2020 was a terrible year for decorative cut flowers and edible flowers. Now, however, orders for edible flowers have skyrocketed in preparation for the upcoming holidays.
Laura Carrera, the CEO of Innoflower, a producer of edible flowers, said Spanish restaurants were demanding more and more edible flowers: demand is skyrocketing this Christmas. As a result, Innoflower, which was launched in 2016, will end the year with a turnover of €500,000, a figure similar to that of 2019. "We hope to double production in a year with the opening of new farms and we believe that, in the medium-term, sales could increase by five or six times," she stated.
The owner of Microgreens, Jose Angel Castillo, started producing organic edible flowers in Nerja (Málaga) in 2017 because the restaurants in the area asked for them. Now, he also sells his products in the markets of Madrid, Cordoba, and Jaen. "Edible flower consumption in Spain is going to increase. It's not a fad, it is a trend that is here to stay, as is already the case in France or Italy," he said.
Orders have not stopped growing since November, stated Castillo from his greenhouses. "Now, there is more demand than supply."
Haute cuisine and Masterchef
According to the administrator of Garanfruit Agro, Vicente Ripoll, TV programs such as Masterchef and the rise of haute cuisine in Spain have promoted the knowledge and use of edible flowers in gastronomy during the last five years.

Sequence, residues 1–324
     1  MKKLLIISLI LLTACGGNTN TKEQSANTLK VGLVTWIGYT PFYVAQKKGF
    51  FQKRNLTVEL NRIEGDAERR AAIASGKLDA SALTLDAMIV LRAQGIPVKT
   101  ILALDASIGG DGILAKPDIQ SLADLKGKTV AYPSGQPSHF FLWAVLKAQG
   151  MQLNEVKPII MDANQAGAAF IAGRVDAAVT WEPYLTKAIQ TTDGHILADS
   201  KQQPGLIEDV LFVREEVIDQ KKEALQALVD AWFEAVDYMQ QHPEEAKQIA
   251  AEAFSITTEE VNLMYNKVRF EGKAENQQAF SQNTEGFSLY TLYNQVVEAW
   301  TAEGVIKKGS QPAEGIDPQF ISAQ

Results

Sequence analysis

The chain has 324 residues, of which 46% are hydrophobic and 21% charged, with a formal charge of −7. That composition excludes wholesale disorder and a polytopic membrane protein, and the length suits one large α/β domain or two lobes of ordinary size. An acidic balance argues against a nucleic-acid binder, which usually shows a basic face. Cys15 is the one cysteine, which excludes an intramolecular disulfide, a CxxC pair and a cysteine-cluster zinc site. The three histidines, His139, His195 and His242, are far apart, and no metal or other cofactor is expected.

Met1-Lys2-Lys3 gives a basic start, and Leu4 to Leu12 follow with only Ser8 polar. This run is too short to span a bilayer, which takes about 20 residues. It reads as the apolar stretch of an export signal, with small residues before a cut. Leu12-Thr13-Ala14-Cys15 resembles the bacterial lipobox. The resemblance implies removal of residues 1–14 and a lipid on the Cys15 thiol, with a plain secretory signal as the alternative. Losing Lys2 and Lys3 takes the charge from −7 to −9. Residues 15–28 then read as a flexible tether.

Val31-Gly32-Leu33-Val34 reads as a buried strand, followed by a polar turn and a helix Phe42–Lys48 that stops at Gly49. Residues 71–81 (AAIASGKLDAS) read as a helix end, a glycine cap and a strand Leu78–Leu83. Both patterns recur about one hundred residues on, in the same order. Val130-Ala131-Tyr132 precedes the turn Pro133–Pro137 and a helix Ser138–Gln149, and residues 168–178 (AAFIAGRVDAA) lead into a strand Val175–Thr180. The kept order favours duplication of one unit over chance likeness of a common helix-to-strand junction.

"It is not easy to find edible flowers in supermarkets and hypermarkets, but it is clear that their consumption is on the rise. The flavor of a dish is important, but its presentation is also important. Its visual aspect has gained ground," he said.
Garanfruit Agro, which markets its products under the Innobrotes and Maycagreens brands from Algemesí (Valencia), has gone from having 400 square meters dedicated to the cultivation of edible flowers to 4,000 square meters in six years. In 2022, it expects to increase its turnover by 10 to 15% over this year.
The product manager of the fruit and vegetable wholesaler CMR Infinita in Mercamadrid, Jaime Muñoz, is also convinced that the edible flower business will continue to grow, with its specific sales peaks, which take place in Christmas, and in summer move from the big cities to the coastal areas.
The rebound in demand is also marked by the celebration of weddings, communions, or Valentine's Day, he added.